Q1. I'm French so pardon my question if is it is already addressed at your site. I read your fatwa about interfaith marriage and need some additional clarification. I learnt that Muslim women have the right to not take care of their children. I mean, if she doesn't want to educate them, she's free to not do so, and her husband must do everything for them as kids depend on their father. What is your view on this?

A1. It is true that kids (especially boys) spent more time with their fathers centuries ago as the father was the parent who passed on whatever skills he had to his son(s), there were no educational institutions, etc. as we know them today. We are unaware of any culture or religion that absolves a mother from taking care of her children, and if the mother is exempt, why shouldn't the father be? Doesn't Islam promote equality of the sexes? And if the father is the breadwinner in the home and expected to provide for his wife and children, is he supposed to take his children to work with him if he cannot afford daycare? We live in a different era where the mother is the more influential parent in children's lives. There is nothing in the Qur'an that forbids Muslim women from marrying non-Muslim men. Muslims have jumped to the conclusion that because the Qur'an states Muslim men are permitted to marry non-Muslim women, then Muslim women are therefore not permitted to marry non-Muslim men. We cannot speculate and introduce legislation that we claim comes from God in the absence of such rulings.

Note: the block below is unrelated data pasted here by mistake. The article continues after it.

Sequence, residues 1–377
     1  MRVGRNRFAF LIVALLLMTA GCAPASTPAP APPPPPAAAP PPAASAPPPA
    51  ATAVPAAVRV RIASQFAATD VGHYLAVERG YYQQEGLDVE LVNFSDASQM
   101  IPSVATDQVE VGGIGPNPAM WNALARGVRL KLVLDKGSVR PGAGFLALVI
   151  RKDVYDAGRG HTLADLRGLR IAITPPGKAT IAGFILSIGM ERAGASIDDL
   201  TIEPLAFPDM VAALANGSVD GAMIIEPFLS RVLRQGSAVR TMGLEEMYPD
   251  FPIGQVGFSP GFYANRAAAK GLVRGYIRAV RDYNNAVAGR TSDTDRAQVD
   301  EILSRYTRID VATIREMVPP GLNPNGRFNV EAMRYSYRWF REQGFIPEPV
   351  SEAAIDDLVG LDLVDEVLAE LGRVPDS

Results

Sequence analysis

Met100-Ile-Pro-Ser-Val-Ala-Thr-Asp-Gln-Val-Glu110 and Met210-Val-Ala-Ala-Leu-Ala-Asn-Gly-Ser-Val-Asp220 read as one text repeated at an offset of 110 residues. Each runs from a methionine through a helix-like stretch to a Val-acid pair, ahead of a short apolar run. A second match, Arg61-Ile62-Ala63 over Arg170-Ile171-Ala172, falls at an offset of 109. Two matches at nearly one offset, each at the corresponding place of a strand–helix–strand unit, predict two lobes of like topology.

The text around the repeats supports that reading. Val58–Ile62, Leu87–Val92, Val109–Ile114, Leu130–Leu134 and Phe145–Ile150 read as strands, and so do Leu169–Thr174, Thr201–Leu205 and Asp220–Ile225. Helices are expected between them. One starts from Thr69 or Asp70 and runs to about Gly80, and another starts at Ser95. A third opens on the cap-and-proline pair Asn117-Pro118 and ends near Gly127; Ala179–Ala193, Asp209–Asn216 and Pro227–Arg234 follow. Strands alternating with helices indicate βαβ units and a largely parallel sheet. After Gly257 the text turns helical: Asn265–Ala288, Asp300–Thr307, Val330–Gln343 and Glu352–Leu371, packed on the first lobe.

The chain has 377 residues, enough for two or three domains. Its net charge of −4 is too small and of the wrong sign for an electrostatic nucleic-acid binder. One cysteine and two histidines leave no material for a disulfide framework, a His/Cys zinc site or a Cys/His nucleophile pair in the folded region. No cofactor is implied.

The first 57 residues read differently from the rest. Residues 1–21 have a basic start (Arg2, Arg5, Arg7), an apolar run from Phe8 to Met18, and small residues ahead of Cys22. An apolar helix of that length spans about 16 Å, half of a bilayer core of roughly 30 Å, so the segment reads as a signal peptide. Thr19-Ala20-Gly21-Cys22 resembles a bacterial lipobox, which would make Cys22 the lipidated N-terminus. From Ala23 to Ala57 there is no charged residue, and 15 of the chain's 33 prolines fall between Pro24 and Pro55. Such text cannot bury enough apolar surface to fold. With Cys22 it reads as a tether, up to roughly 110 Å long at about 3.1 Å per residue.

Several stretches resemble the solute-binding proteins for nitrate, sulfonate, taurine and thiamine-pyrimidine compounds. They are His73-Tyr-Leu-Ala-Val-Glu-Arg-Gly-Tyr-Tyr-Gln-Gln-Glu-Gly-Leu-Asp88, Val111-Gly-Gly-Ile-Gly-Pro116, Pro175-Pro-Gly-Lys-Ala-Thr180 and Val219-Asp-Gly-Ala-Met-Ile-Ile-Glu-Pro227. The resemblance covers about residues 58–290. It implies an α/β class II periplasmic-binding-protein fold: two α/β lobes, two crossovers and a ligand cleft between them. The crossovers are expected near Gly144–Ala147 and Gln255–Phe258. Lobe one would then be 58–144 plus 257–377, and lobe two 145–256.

Q2. The imam Dr. Al Ajami wrote a fatwa that says exactly the same thing as yours. I have the fatwa but it is written in French (sorry but I don't have the English translation). The link is http://oumma.com/Mariage-mixte-que-dit-vraiment-le. Do you think his explanation is right; especially the one he gave to S5.V5 at the above link? How can we explain "the silence" about the Muslim woman's wedding in S5.V5?

A2. We are in agreement because the message from Dr. Al Ajami's fatwa underlines that which is agreed upon by jurists: the Qur'an must specify exactly what is forbidden. The verse in question talks about something that is allowed without saying what is forbidden. Our view on this matter is that the Muslims had to raise a question about the matter, since with the backdrop of the law of the "People of the Book" being a paradigm, the question of Solomon's marriages to women outside of his umma was an issue of importance. As you may know, he married women who were from outside of the tribe of Israel and they supposedly introduced polytheism and idol worship as that was their practice. Thank you for bringing this to our attention.

Posted August 28, 2011